What comes to mind when you hear the words “industrial revolution”? Is it the date 1784 and Cartwright’s initial mechanical loom? Is it an image of a power-driven assembly line? Or maybe it’s a bit more recent, as in the late 90s that brought with it computing and early robotics.
Whichever image resonates with you, you would be right. The world has experienced three industrial revolutions, and they have all brought with them their own set of innovations. While they have all been both crucial and fascinating in their own right, they are making way for the 4th round of innovation, also known as Industry 4.0.
The advent of Industry 4.0 is made possible due to the innovations made on already existing technologies, which is what distinguishes it from the previous industrial revolutions. When the computer was introduced back in the third wave of innovations, it was disruptive in that it was a new technology that created infinite possibilities. And since the boom of the internet, imagining what the future could look like was easy; what hindered progress was a lack of production. And that is the disruption that Industry 4.0 is making.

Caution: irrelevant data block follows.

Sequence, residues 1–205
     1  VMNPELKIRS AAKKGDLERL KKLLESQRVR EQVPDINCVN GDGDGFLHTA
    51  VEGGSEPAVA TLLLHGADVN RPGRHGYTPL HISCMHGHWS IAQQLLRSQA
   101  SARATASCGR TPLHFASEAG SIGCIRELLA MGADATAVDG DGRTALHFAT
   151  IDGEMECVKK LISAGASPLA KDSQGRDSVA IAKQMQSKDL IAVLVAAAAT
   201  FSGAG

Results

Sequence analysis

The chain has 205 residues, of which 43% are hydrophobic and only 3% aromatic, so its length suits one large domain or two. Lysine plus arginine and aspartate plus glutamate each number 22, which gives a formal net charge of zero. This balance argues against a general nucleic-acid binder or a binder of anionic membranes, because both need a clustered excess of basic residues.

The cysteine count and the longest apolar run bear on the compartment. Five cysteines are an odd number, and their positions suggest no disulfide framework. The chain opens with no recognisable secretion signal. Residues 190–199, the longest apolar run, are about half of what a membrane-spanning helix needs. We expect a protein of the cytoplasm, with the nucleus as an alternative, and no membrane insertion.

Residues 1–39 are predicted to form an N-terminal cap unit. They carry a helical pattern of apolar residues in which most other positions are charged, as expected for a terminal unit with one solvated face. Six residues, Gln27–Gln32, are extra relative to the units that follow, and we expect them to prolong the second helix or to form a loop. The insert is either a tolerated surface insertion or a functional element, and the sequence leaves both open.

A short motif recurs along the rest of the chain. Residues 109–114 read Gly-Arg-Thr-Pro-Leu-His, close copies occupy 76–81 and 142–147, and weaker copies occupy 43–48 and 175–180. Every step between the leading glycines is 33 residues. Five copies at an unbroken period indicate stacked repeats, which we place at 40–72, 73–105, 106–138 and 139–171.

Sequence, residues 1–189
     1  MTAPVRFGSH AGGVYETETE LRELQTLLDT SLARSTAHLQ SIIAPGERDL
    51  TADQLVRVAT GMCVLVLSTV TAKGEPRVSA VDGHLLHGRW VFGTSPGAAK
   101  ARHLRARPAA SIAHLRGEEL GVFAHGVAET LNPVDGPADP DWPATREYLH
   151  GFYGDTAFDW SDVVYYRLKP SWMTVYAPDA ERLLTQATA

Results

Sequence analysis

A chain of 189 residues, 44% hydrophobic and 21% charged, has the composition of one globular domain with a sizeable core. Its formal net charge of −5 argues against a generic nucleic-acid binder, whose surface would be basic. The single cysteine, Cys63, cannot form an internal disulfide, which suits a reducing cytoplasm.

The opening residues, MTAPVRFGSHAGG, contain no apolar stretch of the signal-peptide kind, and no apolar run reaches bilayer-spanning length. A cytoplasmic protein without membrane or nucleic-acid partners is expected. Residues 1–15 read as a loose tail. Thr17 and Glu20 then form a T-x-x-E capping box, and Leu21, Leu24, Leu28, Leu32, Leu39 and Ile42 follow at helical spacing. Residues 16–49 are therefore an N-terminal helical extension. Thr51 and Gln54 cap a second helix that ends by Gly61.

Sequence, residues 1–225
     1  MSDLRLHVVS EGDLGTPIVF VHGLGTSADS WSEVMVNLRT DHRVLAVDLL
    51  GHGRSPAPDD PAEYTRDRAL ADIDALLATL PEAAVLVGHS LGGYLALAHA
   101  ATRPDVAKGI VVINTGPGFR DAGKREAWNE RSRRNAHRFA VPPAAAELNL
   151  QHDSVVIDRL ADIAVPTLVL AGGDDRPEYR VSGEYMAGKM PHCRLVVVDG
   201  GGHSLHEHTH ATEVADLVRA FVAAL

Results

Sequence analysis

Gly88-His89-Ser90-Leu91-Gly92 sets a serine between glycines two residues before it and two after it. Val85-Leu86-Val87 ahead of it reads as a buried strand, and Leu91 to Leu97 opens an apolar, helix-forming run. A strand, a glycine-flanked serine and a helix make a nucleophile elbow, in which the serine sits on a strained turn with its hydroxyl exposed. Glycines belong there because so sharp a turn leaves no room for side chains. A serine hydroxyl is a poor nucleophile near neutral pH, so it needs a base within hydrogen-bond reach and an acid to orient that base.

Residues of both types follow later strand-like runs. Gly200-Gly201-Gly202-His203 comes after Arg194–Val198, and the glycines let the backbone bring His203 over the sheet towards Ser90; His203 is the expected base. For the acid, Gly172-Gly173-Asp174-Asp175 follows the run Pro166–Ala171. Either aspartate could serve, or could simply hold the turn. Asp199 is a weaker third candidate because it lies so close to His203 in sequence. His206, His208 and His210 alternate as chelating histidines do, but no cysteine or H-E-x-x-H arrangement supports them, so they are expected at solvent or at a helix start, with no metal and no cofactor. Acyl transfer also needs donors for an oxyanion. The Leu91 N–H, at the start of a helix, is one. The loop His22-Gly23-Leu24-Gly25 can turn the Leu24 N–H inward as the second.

The result of Industry 4.0 won’t be a smarter phone or watch. It won’t be flying cars and space travel, though it will open doors to those possibilities. Rather, through the combination of Internet of Things (IoT) and cyber-physical systems, Industry 4.0 will give birth to the virtual factories. Digitally connected machines will become smart machines, and through the input of big data, factories will become extremely productive, highly efficient and companies will be able to optimize their operations seamlessly.
Defined as an integrated manufacturing system, a virtual factory is a complete model made up of major subsystems that operates thanks to communication that occurs between networks—all with little to no human assistance needed.
While the idea of a virtual factory is far from novel, the implementation remains elusive. At the moment, figuring out how the networks talk to each other to create the cohesion necessary for the factory to be operational still requires some work. Currently, companies are working on taking their already computer-integrated manufacturing operations to the next level—a process that can occur only with the seamless interaction between networks. That kind of sophisticated tech is still in being born.
Which is exactly why Industry 4.0 is not only incredibly important to the future of manufacturing, but also is an industrial revolution that is occurring right now. With each new development, we are one step closer to an entirely different approach to product creation and manufacturing. It’s time to take the process online, and in doing so, manufacture the future.
To dive deeper into the manufacturing industry and how it’s shaping our future, explore our reports below: